Muhammadu Buhari’s lead was cut from two million votes, after Goodluck Jonathan gained a landslide in Rivers State, where there have been widespread reports of irregularities and a curfew imposed.
Nigeria’s electoral commission (INEC) chairman, Attahiru Jega, said the fact-finding team sent to the state found there were some voting irregularities with the poll but not enough “to warrant a cancellation of the election”.
However, many of the states still to declare are in the north, where Muhammadu Buhari is seen as favorite.
Earlier, the announcement of results was disrupted when an agent of Goodluck Jonathan’s People’s Democratic Party (PDP) launched a tirade against Attahiru Jega in Abuja.
“We have lost confidence in what you’re doing, we don’t believe in you anymore,” Elder Orubebe said.
Rejecting the allegation, Attahiru Jega replied: “Let us be careful about what we say or do and let us not dispute a process that has begun peacefully.”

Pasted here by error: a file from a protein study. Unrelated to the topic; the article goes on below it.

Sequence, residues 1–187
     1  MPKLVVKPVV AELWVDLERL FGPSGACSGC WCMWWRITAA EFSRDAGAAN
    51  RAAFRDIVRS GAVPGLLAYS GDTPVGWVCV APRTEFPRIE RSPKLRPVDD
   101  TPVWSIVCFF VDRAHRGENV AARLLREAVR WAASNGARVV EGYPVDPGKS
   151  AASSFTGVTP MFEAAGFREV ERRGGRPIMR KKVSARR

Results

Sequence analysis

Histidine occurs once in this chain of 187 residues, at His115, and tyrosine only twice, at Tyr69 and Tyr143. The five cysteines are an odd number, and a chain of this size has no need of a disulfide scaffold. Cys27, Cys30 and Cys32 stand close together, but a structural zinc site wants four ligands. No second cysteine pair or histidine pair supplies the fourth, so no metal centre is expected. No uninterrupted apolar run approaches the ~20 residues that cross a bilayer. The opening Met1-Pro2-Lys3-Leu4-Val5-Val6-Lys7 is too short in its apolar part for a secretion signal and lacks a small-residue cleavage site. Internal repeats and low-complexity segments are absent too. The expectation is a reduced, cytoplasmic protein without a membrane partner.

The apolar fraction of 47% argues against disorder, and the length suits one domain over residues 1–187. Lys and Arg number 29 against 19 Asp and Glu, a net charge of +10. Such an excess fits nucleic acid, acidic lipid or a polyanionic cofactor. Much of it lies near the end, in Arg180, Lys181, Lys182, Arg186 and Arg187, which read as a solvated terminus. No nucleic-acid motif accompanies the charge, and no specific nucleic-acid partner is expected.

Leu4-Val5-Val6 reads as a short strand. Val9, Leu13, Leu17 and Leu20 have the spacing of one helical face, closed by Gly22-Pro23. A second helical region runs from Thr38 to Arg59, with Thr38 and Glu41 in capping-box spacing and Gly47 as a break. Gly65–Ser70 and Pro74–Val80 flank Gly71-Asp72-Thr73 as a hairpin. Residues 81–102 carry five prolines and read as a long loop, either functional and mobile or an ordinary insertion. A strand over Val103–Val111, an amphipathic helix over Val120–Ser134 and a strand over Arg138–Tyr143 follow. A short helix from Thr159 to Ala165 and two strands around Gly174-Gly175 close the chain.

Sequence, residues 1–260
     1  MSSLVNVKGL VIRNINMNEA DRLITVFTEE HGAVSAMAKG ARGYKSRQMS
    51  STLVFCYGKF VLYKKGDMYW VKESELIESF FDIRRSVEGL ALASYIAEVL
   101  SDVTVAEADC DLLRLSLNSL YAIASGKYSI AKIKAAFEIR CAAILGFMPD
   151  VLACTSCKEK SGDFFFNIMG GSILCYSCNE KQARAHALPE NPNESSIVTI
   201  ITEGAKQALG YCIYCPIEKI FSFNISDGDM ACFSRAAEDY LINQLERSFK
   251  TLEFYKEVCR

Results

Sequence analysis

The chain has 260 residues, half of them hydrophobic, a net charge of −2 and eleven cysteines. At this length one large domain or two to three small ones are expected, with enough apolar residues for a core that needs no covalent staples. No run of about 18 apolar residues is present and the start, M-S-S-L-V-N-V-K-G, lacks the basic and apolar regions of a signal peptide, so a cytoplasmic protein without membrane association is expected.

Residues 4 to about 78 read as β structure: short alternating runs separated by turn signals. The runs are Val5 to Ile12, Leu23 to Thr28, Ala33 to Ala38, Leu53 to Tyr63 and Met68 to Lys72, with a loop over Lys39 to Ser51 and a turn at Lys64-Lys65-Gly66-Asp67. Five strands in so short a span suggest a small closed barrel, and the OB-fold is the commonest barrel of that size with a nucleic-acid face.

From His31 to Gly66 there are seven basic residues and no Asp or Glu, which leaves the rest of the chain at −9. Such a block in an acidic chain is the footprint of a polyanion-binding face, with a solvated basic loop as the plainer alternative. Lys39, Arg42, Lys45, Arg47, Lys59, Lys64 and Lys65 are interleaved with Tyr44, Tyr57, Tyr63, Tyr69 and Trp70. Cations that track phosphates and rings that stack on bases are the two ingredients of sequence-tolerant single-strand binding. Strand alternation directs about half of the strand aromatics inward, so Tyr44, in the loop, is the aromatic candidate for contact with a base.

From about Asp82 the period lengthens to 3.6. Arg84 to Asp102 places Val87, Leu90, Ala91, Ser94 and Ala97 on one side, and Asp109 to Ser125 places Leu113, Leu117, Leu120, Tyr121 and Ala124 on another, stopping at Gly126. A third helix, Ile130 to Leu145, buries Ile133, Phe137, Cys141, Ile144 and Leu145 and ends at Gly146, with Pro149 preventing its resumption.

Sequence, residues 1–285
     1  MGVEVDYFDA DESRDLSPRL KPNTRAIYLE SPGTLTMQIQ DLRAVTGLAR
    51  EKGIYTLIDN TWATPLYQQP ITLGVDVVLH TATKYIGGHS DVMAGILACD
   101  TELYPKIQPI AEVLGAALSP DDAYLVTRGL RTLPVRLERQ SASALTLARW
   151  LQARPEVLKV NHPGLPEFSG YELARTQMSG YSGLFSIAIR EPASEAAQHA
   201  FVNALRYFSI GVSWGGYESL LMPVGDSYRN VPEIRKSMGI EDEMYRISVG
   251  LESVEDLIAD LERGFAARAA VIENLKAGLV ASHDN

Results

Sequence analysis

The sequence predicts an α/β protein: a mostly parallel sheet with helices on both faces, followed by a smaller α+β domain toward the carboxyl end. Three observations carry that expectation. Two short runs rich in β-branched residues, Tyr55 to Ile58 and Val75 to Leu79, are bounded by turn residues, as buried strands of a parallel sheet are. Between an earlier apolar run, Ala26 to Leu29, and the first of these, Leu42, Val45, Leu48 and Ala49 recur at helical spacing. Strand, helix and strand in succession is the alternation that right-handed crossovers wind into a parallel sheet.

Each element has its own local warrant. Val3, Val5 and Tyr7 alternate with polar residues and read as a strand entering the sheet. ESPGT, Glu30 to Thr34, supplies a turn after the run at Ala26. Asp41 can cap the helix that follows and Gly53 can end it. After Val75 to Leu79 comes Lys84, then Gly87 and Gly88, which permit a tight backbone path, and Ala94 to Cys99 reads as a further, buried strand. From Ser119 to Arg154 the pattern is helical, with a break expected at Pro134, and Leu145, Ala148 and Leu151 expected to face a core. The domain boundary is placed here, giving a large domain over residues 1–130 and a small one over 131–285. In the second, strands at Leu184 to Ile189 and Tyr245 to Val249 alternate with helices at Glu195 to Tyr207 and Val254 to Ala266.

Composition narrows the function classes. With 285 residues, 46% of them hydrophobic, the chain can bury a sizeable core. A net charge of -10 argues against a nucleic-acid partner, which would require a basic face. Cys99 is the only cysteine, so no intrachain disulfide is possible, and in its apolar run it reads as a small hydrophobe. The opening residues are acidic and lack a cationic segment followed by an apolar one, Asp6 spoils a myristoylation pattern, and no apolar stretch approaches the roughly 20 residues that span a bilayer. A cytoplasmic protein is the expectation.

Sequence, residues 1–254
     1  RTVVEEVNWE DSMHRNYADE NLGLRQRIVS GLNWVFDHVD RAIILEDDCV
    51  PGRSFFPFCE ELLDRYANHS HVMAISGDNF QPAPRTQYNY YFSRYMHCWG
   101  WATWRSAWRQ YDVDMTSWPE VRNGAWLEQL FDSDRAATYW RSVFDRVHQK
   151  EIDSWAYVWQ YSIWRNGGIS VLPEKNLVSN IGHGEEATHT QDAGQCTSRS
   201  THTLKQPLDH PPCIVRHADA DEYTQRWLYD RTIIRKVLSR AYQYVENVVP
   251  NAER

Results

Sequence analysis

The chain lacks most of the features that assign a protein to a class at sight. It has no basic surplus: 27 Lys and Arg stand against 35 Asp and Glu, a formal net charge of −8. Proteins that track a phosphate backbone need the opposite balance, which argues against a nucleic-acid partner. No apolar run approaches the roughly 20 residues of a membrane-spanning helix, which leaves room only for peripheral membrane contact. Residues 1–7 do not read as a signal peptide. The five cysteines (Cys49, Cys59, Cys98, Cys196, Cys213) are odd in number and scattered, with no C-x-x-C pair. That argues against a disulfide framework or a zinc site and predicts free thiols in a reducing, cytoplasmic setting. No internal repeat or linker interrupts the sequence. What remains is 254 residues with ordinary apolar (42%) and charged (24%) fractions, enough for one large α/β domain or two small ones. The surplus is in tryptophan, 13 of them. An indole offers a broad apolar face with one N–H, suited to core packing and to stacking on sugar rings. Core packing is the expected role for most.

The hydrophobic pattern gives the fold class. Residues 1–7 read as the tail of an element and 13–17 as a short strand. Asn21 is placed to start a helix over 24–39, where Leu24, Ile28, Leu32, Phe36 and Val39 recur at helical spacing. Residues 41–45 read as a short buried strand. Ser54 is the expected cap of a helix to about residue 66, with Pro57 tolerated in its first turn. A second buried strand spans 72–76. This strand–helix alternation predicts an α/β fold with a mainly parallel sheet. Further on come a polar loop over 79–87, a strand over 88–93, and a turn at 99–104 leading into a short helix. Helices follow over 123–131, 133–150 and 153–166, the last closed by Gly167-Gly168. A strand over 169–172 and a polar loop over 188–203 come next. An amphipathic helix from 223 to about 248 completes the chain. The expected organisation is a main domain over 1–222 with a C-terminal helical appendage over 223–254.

Muhammadu Buhari has won the two biggest states, Lagos in the south and Kano in the north, while Goodluck Jonathan won a huge majority in his home state of Bayelsa, as well as Rivers.
The candidate with the most votes will only avoid a run-off if they gain at least 25% of the votes in two-thirds of Nigeria’s 36 states.
International observers have broadly praised the conduct of the vote but there has been some concern over possible efforts to rig the outcome during the count.
The US and UK have expressed their concerns over potential “political interference” during the count.